Warning Sign #4 – Wasted Funds. Irresponsible charities not only have trouble managing money, they often squander valuable donations. Some classic examples involve the charity using significant funds for projects that are not really related to the purpose of the charity, holding extravagant events that seem disproportionate to the goals the charity seeks to accomplish, or spending funds without the knowledge and approval of board members. In some cases, charities can be managed so poorly that administrative costs end up eating into the bulk of donations. Ultimately, charities are expected to serve their intended beneficiaries. A charity that spends more simply to remain in operation than it does serving its intended beneficiaries could be suffering from irresponsible management.
Warning Sign #5 – Conflicts of Interest. Another nasty trait of an irresponsible charity is its participation in events, transactions, or dealings that pose an unmistakable conflict of interest. These situations usually involve an individual closely tied to the charity who engages in self-dealing or undertakes projects that satisfy the individual’s personal interests at the expense of the charity. For example, a president of a charity that runs his own personal side-business out of the charity’s office, using resources and utilities paid for by the charity’s donations, is engaging in self-dealing. A charity director who hires a family member that is paid wages from the charity’s donations could be engaging in a conflict of interest transaction. There are many other examples. Conflicts of interest among a charity’s leadership can be especially insidious because the individuals involved tend to take steps to conceal their activities, or understate the magnitude of the conflict of interest. This sort of behavior often manifests itself by the individual taking control over certain affairs, and then refusing to let anyone else become involved in them, or whitewashing procedures intended to disclose conflicts of interest.
Warning Sign #6 – Widespread Cluelessness. Finally, an irresponsible charity can usually be identified simply through speaking to its board members, staff, and officers. The governing body of a charity should not be clueless – they should know basic information about the charity, such as its purpose, mission, major projects, upcoming events, and the identities of all other board members, staff, and officers. Charities in which there is widespread cluelessness about these facts are often charities that have de-railed off track. Cluelessness can be a sign that the people involved with the charity are not paying attention or are left in the dark about the activities of the charity. This can be dangerous not only to the charity’s donors, but to the board members, employees, and officers themselves. Board members, officers, and employees that are either admittedly or unknowingly “asleep at the switch” expose themselves to liability, should something go wrong. For some charities, this could mean a lawsuit; for others situations in which significant funds are being funneled, laundered, or misused, criminal charges can result and jail sentences sought.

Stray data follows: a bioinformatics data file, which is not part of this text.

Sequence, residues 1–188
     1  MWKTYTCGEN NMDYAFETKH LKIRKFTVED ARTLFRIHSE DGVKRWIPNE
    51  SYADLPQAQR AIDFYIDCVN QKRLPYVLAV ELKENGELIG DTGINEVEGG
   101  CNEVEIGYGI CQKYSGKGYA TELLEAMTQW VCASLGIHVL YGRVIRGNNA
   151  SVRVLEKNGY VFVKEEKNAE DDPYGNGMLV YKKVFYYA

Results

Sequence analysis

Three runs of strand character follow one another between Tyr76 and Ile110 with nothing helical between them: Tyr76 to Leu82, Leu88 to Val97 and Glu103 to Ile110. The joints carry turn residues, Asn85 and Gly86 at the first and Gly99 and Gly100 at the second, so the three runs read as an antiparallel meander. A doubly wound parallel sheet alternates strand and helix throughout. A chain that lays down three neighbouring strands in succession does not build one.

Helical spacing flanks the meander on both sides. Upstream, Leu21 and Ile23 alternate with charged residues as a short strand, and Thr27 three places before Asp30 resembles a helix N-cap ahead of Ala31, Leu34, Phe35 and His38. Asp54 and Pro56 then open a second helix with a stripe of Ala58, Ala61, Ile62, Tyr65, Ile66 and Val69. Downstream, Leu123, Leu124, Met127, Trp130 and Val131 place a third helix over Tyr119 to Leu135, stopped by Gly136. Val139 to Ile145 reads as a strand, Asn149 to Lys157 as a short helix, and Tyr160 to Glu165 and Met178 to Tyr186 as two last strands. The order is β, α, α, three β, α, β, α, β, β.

Mary J. Blige’s charity may be in some turmoil for the time being, but things could turn around. For individuals wishing to give funds, goods, or services to charities, there is no reason to be overly suspicious – there are many reputable charities throughout the country that are well-managed and effectively serve their beneficiaries. But keeping the warning signs above in mind could help identify irresponsible charities that have some growing yet to do.